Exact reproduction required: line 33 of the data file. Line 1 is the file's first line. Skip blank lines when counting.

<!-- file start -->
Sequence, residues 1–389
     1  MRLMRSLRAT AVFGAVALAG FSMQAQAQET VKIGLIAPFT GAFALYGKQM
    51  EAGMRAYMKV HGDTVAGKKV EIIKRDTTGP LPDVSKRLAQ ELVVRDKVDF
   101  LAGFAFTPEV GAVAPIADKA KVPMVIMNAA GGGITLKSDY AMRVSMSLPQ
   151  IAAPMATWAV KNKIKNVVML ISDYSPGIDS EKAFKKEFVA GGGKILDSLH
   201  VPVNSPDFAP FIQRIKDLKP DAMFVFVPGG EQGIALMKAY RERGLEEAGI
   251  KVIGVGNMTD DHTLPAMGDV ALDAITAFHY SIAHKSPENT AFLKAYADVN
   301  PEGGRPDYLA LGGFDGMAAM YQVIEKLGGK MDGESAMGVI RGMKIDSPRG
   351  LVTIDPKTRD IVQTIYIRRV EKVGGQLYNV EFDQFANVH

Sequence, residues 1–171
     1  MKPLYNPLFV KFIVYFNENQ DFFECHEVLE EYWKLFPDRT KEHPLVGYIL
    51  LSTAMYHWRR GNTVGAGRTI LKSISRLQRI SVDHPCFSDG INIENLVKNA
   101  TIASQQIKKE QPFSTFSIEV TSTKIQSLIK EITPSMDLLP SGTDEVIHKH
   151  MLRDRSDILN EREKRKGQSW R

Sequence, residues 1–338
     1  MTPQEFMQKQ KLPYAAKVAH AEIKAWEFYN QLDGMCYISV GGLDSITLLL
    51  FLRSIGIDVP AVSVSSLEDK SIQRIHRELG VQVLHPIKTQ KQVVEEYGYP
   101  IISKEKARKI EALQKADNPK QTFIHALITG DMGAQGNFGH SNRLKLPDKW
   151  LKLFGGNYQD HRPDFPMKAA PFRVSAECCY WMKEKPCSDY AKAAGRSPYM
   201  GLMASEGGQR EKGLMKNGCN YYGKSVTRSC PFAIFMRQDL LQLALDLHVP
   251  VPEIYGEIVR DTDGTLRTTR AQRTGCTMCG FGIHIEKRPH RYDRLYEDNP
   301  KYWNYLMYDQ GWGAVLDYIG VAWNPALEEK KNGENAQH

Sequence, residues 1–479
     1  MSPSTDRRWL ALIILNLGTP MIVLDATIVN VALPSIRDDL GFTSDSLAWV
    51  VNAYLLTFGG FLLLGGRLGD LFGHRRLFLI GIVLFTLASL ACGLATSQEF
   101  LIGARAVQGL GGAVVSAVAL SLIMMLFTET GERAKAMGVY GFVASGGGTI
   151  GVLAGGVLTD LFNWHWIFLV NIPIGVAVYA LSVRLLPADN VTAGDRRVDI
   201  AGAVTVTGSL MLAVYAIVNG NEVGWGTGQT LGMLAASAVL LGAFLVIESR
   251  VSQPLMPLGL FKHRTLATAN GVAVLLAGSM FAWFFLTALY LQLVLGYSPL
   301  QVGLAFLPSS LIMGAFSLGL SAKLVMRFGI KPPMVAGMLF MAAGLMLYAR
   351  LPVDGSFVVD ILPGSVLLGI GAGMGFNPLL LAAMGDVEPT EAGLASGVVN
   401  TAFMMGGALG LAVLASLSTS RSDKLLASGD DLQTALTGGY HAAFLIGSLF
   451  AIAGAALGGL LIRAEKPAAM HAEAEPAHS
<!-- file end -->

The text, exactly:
   451  AIAGAALGGL LIRAEKPAAM HAEAEPAHS